The core activities at Amazon.com are browsing, searching, and purchasing products. If you’ve spent any time at Amazon.com, then you know it has millions of products in dozens of categories beyond the books for which it is primarily known. Thinking of the site in terms of individual pages is overwhelming; thinking in terms of page templates is much more manageable. A template is like a document shell that can be used over and over again to display information. The shell is filled with whatever information is requested at the time. In these terms, Amazon has only a handful of templates, including search results, category home pages, and product detail pages. Looking at the structure instead of the information makes it much easier to understand how Amazon operates.
Every Amazon page offers information for your perusal, and actions you can perform. Information includes book titles, prices, customer reviews—anything that adds to your knowledge of products and helps you make a buying decision. Actions include adding a product to your cart or Wish List, posting a review, rating an item, making a purchase—anything that explicitly provides Amazon.com with input or a directive.
You can think of a product detail page as the home page of a particular item at Amazon. It’s the workhorse of Amazon.com, and studying what’s available there provides insight into almost all of the site’s features. Figure 1-1 shows a typical product detail page, this one for Google Hacks, a sibling of the book you’re reading.
What you’ll see first on any product detail page is an image of the product (if available) and quick product details:
The most important product detail, of course, is what the item is called. A book might have extra information, like its subtitle or series, in its title. An electronic gadget might include a manufacturer’s model number.
Prices shown include the manufacturer’s list price, the Amazon.com price, and the lowest third-party price Section 4.2.
Beyond learning more about the product, there are several actions you can take from a product detail page:
Just like a real-world shopping cart, you can add items into a holding area and buy them as a group later—minus the wobbly wheel. And unlike a real store, you can pick up your cart where you left off last time. Wish Lists [Hack #18] and registries also hold items, but you have the option of making them public so other people can buy things for you.
From the product detail page you can start the process of listing your used version of that item for sale on Amazon [Hack #49].
You can also find and order the product from third parties—anyone from other Amazon customers to other bookstores Section 4.2.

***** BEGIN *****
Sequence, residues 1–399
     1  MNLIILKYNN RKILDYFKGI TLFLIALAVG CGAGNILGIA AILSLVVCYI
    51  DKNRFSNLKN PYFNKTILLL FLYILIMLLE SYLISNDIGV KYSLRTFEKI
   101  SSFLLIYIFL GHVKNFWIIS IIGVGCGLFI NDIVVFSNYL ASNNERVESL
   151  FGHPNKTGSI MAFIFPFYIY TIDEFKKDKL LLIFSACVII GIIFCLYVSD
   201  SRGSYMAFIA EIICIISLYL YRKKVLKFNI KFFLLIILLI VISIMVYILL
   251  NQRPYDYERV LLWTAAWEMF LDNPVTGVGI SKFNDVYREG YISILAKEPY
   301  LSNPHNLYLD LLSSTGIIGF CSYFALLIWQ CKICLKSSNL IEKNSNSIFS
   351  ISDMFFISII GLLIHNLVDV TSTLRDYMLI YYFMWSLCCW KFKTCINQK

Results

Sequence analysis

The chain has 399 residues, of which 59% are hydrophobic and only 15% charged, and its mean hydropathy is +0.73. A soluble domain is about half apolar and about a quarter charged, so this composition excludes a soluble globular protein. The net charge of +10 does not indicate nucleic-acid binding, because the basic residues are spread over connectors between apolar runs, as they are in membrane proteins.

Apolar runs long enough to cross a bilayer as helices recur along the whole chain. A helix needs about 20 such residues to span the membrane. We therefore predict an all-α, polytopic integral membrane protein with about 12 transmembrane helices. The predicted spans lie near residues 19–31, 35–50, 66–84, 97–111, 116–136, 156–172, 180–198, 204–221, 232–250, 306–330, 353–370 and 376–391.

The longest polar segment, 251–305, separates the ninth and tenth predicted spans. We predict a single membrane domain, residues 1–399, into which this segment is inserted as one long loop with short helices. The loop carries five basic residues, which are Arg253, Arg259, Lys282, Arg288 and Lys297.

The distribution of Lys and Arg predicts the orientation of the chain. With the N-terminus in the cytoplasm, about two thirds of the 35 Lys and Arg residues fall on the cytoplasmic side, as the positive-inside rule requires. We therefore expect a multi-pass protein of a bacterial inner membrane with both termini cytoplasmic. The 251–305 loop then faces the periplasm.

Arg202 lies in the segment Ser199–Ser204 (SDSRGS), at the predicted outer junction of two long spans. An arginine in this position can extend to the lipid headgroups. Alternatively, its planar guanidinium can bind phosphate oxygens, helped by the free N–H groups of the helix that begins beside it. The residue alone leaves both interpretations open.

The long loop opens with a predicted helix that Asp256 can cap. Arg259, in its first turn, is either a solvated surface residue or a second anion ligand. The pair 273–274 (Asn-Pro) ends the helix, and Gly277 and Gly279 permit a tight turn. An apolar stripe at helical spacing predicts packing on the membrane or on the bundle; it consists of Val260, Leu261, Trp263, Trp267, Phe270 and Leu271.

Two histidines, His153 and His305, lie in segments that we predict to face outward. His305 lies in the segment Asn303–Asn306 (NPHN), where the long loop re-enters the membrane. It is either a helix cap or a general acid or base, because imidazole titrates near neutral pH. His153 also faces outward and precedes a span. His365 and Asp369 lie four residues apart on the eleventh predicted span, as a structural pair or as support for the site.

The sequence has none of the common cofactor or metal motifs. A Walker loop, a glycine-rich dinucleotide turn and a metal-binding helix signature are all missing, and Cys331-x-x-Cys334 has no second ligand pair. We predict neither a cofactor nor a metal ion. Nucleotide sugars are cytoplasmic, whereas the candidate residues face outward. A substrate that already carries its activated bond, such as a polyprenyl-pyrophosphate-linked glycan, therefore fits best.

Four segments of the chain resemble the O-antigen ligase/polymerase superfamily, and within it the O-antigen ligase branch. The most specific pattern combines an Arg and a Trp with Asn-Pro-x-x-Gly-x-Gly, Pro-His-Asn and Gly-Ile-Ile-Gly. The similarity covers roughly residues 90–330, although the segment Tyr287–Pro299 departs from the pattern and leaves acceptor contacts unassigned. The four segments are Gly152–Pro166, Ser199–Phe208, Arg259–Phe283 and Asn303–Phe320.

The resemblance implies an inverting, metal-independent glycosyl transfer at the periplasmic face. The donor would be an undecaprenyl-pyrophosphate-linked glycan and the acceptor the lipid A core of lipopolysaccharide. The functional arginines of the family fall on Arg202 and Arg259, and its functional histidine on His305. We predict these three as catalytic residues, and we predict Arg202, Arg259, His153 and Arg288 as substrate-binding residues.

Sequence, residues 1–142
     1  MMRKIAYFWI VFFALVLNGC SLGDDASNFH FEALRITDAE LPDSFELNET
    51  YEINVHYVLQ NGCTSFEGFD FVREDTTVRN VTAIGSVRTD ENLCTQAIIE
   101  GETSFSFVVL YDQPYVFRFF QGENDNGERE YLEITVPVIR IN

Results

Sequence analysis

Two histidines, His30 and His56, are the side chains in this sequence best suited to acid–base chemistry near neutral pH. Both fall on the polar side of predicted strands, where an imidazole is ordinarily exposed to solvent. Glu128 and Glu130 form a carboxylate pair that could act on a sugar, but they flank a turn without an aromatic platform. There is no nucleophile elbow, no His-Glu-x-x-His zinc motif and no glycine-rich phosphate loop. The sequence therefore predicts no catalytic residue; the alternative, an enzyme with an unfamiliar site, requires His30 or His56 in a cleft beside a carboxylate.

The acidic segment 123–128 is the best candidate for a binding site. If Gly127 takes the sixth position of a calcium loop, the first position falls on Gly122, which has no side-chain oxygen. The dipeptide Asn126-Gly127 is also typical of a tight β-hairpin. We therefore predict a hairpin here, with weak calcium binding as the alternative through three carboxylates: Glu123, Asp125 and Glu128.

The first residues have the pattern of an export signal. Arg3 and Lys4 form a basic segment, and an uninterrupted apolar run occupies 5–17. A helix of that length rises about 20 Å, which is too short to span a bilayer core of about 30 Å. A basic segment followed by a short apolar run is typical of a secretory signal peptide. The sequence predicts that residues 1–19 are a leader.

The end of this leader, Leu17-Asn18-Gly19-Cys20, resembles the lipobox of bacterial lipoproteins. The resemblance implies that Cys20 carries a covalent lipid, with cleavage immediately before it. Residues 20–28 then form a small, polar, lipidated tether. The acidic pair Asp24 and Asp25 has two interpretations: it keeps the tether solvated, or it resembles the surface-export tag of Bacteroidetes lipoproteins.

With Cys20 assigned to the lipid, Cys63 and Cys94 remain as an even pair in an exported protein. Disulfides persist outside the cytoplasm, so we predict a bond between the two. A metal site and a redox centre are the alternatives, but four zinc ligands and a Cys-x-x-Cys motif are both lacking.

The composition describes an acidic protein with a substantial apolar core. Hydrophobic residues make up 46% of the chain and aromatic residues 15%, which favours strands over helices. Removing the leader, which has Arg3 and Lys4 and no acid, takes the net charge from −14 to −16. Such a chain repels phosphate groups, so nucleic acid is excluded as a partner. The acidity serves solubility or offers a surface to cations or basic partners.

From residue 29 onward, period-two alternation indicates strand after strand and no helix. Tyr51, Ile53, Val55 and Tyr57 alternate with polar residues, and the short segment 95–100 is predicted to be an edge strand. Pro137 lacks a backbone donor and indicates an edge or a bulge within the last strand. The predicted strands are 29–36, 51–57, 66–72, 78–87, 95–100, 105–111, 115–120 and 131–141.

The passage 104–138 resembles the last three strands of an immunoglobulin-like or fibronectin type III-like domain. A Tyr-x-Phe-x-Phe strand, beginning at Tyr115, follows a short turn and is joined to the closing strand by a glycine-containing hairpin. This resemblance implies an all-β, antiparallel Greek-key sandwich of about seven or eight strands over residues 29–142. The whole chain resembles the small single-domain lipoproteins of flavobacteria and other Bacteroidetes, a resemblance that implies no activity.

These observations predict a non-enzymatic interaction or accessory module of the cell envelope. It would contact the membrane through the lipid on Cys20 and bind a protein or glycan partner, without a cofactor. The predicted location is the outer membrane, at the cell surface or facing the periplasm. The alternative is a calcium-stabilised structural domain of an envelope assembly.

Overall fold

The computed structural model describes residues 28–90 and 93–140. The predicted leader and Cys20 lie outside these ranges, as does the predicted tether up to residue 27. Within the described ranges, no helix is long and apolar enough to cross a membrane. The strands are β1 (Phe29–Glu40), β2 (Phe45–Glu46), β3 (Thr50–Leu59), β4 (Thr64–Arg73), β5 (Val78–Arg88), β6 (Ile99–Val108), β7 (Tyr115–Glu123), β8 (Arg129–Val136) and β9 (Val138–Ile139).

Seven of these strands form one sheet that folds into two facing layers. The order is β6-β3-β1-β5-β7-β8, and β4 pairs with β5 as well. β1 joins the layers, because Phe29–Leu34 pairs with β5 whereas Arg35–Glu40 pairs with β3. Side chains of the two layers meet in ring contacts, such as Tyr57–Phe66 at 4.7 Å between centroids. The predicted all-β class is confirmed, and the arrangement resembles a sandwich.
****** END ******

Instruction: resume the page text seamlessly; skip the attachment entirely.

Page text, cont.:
Hate a certain product? Love it? Want to warn others or recommend something else? You can start voicing your opinion [Hack #27] from the detail page for that product.
Even further down the page, you’ll find more product information:
An ASIN is a unique ID for every product, and being able to find this ID [Hack #1] is key for many of the hacks in this book.
As people write reviews, they also give the item a rating of 1-5 stars. The average rating is how the group feels about the product [Hack #32].
This is the sales position relative to other items at Amazon.com. An item with a sales rank of 1 is the best-selling item on Amazon. An item with a sales rank of 1,822,605 is a bit further down the line. With sales rank, lower is better.
Customers who bought the item you’re looking at also purchased similar items, and Amazon lists the most popular related items. You’ll also find information that other customers have left about an item.
Along the lines of similar purchased items, this is advice from other customers [Hack #40] about other products that may be better than or go well with the product you’re looking at.
If a product is particularly popular in a certain geographic location or at an organization, Amazon will list that information [Hack #44].
Highlighted editorial reviews are from professional journals or Amazon’s in-house editors. Customer reviews are from other Amazon customers. Reviews rated favorably by other customers become spotlight reviews.
Also known as “So You’d Like To...”, these are guides [Hack #37] to any topic written by other Amazon.com customers. If you’d like to learn how to make a martini or “chill out” properly, you’ll probably find a guide for it at Amazon. If a guide contains the product you’re looking at, it might show up as one of the top three on the product detail page.
Similar to guides, these are lists of books [Hack #41] created by Amazon customers.
This is a list of categories [Hack #8] and keywords that the product is categorized under.
All of this information can tell you as much about Amazon.com as it can about the product you’re viewing. You can see that Amazon believes in providing lots of data, making actions readily available, connecting users with each other, and providing several paths to more products.